A Random DiaBlog from a concerned Mum and Primary School Teacher.
My first Primary School teaching job was ten years after the introduction of the 1988 National Curriculum, which was about bearable. I was an Art Coordinator; my lessons were as creative as possible, I had freedom, fun and autonomy to a point. We made time for Golden Time and if there was Wet Play with board games, paper aeroplanes, Connect 4, craft, etc then the children were ecstatic. A chance for them to just BE, share, collaborate and discover with their friends.
Now, though, the intensity and control in schools is quite overwhelming and quite out of touch with 21st-century educational research and thinking. While there is a big noise around the terms ‘mindfulness’ and ‘wellbeing’ I’m not seeing much evidence of it being practised or supported in schools.
My experiences and conversations with teachers reinforce that it’s constant lesson after lesson with little space and intense, time-wasting form filling in and marking.
The kids call me the yoga lady and I sneak in downtime: “Quick kids let’s just STOP and breathe for three breaths, and if you’re feeling rebellious you can close your eyes.” We don’t need more mindfulness; we need to shake things up and encourage more playfulness.
In some schools I still see kids sitting in corridors missing entire playtimes for being ‘naughty’.
Kids are playing up more I feel because they are so systemised and controlled. From the age of 3, cameras are uploading photos of them to add to a personal statement, judgements made about their performance on tick sheets. They are quite happy learning and playing, put the clipboard away. I was once advised by a forward thinking rebellious Headteacher, never to disturb a child when they were concentrating.
I see a few schools with outdoor learning provision for Year 1, but it’s rare to see a dressing up box, role play area or golden time box valued after Year 2, ‘we haven’t got time.’ What do kids do when they go home, do they catch up on this lost play?
My son was in a detention a while back, and I remember asking his teacher if anyone had taken the time to listen to him and offer him some guidance and to think about how he might have handled it differently. The response was ‘oh we haven’t got time for all that’. It’s often quite a punishment escalation system – name on board, then missed playtime, loss of this, loss of that- constant carrot and stick intervention.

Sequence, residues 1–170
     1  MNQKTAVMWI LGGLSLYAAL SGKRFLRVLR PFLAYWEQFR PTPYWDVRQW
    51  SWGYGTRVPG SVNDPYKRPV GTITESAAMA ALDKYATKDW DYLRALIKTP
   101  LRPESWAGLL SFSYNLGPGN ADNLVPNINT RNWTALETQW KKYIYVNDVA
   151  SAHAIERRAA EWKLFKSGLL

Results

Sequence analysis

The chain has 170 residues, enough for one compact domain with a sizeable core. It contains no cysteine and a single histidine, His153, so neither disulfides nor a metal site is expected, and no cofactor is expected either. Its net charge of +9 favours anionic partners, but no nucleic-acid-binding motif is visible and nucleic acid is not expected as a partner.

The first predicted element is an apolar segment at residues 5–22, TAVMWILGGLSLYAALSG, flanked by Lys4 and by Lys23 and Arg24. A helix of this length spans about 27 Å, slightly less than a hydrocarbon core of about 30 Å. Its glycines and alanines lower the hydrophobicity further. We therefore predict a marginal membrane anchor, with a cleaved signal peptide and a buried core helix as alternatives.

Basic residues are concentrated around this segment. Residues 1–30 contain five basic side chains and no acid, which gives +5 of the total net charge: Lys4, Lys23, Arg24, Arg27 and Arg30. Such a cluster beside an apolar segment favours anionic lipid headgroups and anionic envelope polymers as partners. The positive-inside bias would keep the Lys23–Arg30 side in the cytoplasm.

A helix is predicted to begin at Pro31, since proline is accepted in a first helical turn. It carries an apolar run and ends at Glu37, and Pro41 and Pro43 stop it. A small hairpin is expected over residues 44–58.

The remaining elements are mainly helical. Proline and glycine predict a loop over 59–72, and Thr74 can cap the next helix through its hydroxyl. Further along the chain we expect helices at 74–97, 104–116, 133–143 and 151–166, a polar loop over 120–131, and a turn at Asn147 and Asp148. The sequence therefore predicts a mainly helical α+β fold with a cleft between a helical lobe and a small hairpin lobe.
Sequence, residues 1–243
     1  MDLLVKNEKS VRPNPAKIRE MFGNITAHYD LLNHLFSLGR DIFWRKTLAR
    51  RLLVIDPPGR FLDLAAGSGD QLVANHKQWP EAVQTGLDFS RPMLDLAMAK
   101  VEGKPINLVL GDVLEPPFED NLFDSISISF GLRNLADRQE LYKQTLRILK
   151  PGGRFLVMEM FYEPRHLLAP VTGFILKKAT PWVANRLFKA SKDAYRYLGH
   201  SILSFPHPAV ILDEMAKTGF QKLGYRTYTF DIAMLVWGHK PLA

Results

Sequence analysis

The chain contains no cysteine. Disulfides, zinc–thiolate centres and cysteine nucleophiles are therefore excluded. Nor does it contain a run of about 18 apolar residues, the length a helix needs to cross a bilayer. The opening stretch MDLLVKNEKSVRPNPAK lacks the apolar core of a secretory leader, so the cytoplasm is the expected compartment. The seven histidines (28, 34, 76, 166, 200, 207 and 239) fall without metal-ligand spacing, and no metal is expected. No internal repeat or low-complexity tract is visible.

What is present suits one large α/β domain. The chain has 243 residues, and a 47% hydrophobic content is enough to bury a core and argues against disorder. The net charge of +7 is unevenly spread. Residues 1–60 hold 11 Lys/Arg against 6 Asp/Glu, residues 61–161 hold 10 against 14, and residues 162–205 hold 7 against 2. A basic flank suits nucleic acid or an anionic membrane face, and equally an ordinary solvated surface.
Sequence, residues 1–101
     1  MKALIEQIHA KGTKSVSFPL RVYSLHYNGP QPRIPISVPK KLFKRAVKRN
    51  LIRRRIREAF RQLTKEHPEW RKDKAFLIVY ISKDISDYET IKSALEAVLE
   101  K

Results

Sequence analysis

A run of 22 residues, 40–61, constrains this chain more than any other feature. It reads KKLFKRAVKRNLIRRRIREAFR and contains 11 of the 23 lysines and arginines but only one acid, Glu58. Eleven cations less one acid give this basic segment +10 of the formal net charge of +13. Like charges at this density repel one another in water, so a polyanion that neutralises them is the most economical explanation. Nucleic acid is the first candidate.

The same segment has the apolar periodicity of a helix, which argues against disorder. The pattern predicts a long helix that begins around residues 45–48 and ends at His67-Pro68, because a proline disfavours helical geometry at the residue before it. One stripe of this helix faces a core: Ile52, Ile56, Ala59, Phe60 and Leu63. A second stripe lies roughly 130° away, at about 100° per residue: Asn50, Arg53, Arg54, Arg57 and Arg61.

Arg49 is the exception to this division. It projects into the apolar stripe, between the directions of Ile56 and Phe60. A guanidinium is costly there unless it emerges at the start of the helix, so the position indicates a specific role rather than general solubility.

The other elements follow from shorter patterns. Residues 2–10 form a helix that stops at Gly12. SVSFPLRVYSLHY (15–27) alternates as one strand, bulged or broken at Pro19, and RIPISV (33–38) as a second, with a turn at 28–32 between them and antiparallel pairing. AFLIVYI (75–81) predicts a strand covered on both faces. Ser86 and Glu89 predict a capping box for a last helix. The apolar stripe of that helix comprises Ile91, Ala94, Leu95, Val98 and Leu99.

What no punishment? Why not create a meditation space – a safe place, time out space for children to reflect and work things out if necessary with older kids or adults on hand to talk things over with and socially coach them with language, kindness, compassion, empathy, eye contact, sharing skills, manners, responsibility, self-control, etc.?
Why not trial a no rewards system? No stickers or house points or, ‘good boy’ remarks to work and behave well, no good or bad judgements, but instead foster a playful, self directed community where children are excited, engaged and intrinsically motivated to learn.
Playtime, Downtime, Be Time – it’s our kid’s natural state. Kids waste a lot of time filling in their confusing and controlling Steps for Success forms and writing paragraphs using prefrontal adverbial prepositional lobotomy phrases, how about we give them back their playtime and mind space and treat them like the kids they are.
But it’s what we’ve always done. It can’t possibly change. ‘They’ made me do it.
In my next blog, I will explain the simplest and quickest way we can help our children to find ‘space’ in these busy days.
There is always hope – a rebel alliance